Cliff Nellis, the executive director of the Lawndale Christian Legal Center, who co-chairs the court’s steering committee with Sheehan, told me he wants the court to mitigate some of the distrust residents feel toward the traditional criminal-justice system. “This court will function so much outside the regular system. You aren’t trusting the judge or the prosecutor—you’re trusting your neighbor who is sitting in the circle next to you,” said Nellis, whose center provides cheap legal services to young people and oversees the hub. “This court has got great potential to be a far more effective court, the likes of which we’ve never seen.”

Betty Allen-Green, the executive director of the Lawndale AMACHI Mentoring Program, which connects troubled young people to adult mentors, anticipates the court will offer people consequences for their actions, but not push them into a situation where a felony conviction dogs them for years—keeping them from decent employment or housing. “I think this court will be one of the best things that has ever happened to our community,” Allen-Green said. “We have a lot of kids who have excellent leadership skills, but we need to redirect them in a positive manner.”

Juvenile courts in the area already offer victim-offender mediation that’s based on restorative-justice principles—another way residents might be aware of the court’s underpinnings. But when an offender turns 18, he or she is booted into the adult system. More young people ages 18 to 24 go through Cook County Jail than any other age demographic. The facility is the largest single-site jail in the country and has struggled with chronic overcrowding. According to a dataset released by Smart Chicago Collaborative’s Civic Works Project—a technology-focused civic-development program—nearly 50,000 people ages 18 to 24 were convicted in the circuit court between 2005 and 2009, compared with about 26,000 people aged 25 to 29.

Sheehan, who serves primarily as a judge in Cook County’s juvenile courts, argues that the population of “emerging adults”—as these 18- to 24-year-olds are called—should be offered more flexible punishment when they commit a crime than the adult system provides, because their reasoning capacity is still developing. “Many of the people I work with are so young, and there is so much possibility for their lives,” Sheehan said.

There are challenges still ahead for the court, including the matter of additional funding. Though the Justice Department grant will sustain it for two years, from the start participating offenders may need resources to fulfill the terms of their court sessions. For example, a “repair from harm” agreement could mandate that an individual secure a high-school diploma, undergo drug or alcohol treatment, or connect with another social service. (Terms could also include something more community-focused, like cleaning up an area that the individual burgled.) Beyond other, more individual constraints that could affect offenders’ ability to fulfill agreements, budget woes up through the state level could make accessing social services difficult. Illinois’s legislature hasn’t passed a budget in over a year, resulting in drastic cuts to social services, and Cook County is expecting a $174.3 million budget shortfall in 2017. Several social-service agencies in Chicago have cut back on mental-health and substance-abuse programs, in large part because of the state budget.

Nellis acknowledged that funding for social services is a concern, but suggested it’s one they are planning for. The restorative-justice hub is hiring for a position that will be focused on fundraising, either through grants or other partnerships, to help offenders follow through on their agreements. That could mean paying for someone’s GED, or giving funding to another organization where offenders can seek treatment. “We are going to make sure the mental-health providers and social-service providers in the neighborhood have the money they need to provide services,” Nellis said.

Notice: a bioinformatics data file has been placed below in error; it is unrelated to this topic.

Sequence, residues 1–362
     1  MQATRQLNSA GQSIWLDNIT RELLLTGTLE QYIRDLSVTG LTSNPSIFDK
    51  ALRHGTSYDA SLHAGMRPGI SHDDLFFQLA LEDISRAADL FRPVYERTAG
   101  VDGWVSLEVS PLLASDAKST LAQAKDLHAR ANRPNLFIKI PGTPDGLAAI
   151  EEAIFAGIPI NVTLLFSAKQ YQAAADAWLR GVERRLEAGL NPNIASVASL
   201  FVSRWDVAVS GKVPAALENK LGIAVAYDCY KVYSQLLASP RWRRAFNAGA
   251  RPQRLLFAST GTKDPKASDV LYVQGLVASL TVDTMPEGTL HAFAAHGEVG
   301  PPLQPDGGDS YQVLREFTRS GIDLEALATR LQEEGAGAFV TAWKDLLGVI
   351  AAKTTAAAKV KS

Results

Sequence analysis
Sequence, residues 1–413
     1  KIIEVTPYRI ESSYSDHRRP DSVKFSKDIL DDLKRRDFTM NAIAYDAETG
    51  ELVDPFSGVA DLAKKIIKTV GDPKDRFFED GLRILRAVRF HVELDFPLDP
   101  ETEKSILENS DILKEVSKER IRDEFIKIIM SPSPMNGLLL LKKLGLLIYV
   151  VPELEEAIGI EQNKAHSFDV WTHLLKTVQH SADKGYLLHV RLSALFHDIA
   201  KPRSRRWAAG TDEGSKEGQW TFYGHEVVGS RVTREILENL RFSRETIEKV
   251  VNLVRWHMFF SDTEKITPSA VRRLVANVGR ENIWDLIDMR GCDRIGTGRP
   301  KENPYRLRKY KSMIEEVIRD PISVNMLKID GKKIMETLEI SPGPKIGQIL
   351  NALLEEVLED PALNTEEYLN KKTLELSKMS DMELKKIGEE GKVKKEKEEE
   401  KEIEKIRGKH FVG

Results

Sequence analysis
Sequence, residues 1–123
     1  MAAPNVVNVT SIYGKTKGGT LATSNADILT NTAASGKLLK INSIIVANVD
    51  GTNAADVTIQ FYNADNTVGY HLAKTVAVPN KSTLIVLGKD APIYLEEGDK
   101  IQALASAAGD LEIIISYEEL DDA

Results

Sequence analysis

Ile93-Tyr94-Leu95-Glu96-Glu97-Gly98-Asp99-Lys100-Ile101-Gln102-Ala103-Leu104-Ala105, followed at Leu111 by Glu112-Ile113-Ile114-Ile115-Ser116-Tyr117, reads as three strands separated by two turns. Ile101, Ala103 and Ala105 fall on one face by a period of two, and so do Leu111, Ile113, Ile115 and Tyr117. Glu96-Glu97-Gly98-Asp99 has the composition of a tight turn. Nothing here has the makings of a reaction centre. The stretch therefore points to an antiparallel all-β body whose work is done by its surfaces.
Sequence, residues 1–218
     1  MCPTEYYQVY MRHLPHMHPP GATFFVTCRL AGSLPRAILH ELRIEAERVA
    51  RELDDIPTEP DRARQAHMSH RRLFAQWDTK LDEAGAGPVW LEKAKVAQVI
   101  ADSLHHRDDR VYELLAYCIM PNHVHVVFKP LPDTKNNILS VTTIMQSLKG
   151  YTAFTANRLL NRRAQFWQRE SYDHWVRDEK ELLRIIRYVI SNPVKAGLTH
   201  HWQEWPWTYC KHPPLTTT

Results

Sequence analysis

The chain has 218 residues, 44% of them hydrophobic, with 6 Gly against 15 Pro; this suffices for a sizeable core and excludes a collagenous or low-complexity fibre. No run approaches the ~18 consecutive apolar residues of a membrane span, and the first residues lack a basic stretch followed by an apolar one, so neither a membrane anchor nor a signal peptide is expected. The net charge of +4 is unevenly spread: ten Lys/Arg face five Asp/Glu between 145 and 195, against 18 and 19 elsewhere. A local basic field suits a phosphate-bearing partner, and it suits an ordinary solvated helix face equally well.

Another challenge is a conceptual one: how to operate between the opposing philosophies of restorative justice and the mainstream criminal-justice system. The court’s backers worry that the latter could, even inadvertently, influence the new setup—that the community court will be more punitive than originally intended, for example, or that it won’t effectively develop an agreement satisfying to all parties. “The criminal-justice system for years has been doing the opposite of generating further investment in the community by removing people who have caused harm … and meting out punishment that is often unrelated to the needs and desires of the person who was harmed,” said Sharlyn Grace, an attorney at the advocacy group Chicago Appleseed Fund for Justice and a member of one of the new court’s working groups. “Given all of that, trying to create a restorative-justice process that operates with fidelity inside the traditional criminal courts is a really challenging and important effort.”

Offenders, too, will play a significant role in the court’s future: Can it truly redirect them away from the traditional system, including incarceration, and prove the model’s success? And what happens if the court is successful and begins to expand—can it maintain its record with more cases?

For his part, Tim Evans, the circuit court’s chief judge, is already thinking beyond North Lawndale—watching closely to see if the model can be replicated in other neighborhoods around Cook County. He sees potential promise outside of the city, too: “If we can get something like this to work in Chicago, it can work in Los Angeles or Detroit or Miami.”

Once the court opens its doors, Judge Sheehan hopes it will be healing to young people who today face sometimes-exorbitant punishment for their crimes, and to victims who, in the traditional criminal-justice system, get short shrift. “The victims I have known are very generous, and they really just want something good to come out of a negative thing,” she said. And for the offender, the restorative-justice process “can keep a person accountable and allow them to pay their debt, so to speak, so they do not have to pay it over and over again by being saddled with a felony conviction for the rest of their life.”

City Bureau contributed reporting to this story.

This story originally appeared on The Atlantic, as part of its project “The Presence of Justice,” which is supported by a grant from the John D. and Catherine T. MacArthur Foundation’s Safety and Justice Challenge.